Did Red-Haired Woman Leave?
Many days on my way home from work, I’d see her at an intersection. Almost always, she displayed one of those “anything helps” signs.
She had reddish hair and looked to be between 20-50 years old. Living outside will do that. She always had a look of despair on her face, as if it had been a long time since she had been happy.
She always looked down at the ground, as if embarrassed to meet motorists’ eyes. Once or twice, I noticed she was crying.
I haven’t seen her for a couple of months. What, I wonder, happened to her?
The big controversy over homeless people at four makeshift camps in downtown Wheeling ended last week.
Those staying at the camps had been notified they had until Friday to vacate them, or their belongings would be removed. When the deadline came, the camps were empty — except for mountains of trash. The camps’ occupants left on their own.
So, no more problem with the homeless in Wheeling?
Hardly. At least for now, what happened solves one problem city officials had with the four encampments. Police Chief Shawn Schwertfeger had cited crime in them and by some of their occupants, drug overdoses and deaths as a reason for wanting the camps cleaned out.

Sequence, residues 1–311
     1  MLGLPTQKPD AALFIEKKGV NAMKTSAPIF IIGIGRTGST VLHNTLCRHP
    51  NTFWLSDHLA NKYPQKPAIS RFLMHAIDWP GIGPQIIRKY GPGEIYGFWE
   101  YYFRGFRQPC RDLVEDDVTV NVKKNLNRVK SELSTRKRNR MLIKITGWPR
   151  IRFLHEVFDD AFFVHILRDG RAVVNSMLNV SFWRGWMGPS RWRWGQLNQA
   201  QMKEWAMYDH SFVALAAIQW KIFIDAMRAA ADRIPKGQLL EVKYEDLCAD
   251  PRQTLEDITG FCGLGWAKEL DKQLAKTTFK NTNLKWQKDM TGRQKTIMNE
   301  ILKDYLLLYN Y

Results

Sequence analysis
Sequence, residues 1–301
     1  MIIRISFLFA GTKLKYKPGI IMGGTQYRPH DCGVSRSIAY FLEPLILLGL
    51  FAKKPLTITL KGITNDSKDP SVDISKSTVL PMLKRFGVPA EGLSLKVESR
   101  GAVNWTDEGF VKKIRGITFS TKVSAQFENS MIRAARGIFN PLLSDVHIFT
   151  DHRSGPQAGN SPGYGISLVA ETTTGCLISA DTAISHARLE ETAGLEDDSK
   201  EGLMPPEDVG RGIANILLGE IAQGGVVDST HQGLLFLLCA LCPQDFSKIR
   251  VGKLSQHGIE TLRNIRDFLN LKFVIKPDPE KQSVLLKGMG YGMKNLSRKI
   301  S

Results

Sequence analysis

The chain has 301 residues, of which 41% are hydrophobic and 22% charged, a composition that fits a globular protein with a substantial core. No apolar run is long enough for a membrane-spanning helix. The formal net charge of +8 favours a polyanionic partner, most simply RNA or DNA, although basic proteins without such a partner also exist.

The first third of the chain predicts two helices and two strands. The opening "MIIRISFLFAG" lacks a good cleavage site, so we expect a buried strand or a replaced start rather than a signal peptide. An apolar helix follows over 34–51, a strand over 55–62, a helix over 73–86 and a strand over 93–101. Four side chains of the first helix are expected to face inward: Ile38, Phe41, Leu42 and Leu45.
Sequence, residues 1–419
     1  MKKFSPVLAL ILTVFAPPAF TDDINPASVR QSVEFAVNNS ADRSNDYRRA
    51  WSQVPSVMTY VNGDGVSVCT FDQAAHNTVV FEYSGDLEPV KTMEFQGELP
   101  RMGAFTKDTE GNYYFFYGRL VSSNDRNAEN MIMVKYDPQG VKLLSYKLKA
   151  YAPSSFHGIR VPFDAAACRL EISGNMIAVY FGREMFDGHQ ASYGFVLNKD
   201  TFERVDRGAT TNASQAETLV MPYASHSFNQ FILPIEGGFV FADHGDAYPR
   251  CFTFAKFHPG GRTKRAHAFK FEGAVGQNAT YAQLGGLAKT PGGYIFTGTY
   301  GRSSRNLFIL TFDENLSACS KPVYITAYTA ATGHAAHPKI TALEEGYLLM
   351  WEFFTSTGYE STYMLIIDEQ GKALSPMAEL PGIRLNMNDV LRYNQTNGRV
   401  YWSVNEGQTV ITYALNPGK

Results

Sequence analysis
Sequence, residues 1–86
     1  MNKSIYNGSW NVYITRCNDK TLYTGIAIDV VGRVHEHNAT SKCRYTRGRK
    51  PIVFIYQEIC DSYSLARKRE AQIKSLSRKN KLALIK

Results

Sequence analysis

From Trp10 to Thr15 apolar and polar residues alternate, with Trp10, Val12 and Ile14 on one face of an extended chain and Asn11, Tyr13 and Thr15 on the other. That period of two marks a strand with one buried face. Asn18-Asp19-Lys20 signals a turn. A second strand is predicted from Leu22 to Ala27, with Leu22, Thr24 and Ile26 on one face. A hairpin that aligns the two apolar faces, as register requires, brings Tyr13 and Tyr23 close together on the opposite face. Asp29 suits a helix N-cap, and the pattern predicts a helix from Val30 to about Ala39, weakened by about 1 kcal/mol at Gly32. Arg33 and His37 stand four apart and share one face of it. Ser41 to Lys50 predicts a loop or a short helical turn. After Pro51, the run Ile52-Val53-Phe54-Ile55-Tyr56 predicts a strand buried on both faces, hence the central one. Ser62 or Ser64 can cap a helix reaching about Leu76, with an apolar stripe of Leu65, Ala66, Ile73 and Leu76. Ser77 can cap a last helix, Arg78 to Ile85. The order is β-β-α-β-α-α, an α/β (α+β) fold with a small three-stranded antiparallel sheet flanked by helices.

In one of the camps, a woman died and her body was left undisturbed in a tent for several days.
Where did the camps’ occupants go? Did they leave Wheeling? Go to some of the 20 or so other homeless encampments in the city? Or find other places to pitch their tents?
It’s not as if the homeless are out of mind because they are out of sight. They can still be seen panhandling at some locations.
But now that the controversy, including a federal court case, involving the four encampments is over, it’s likely there will be far less discussion of the homeless.
That’s a shame. As I’ve written previously, Wheeling taxpayers cannot — and should not — be expected to solve all the problems of all the homeless people in our midst. Municipal resources are limited. Fulltime residents of Wheeling need help, too.
Once again, however, the question isn’t whether the homeless should be Wheeling officials’ No. 1 priority. It is whether what resources we can justify using to help them are being employed effectively. Are public and private resources being coordinated and maximized? Or do we think about them only when they become a problem?
What happened to the woman with the reddish hair? I pray she moved on, but I’m not certain I want to know whether she did.
That, I suppose, is part of the problem. We don’t really want to know too much about them.
Myer can be reached at: firstname.lastname@example.org.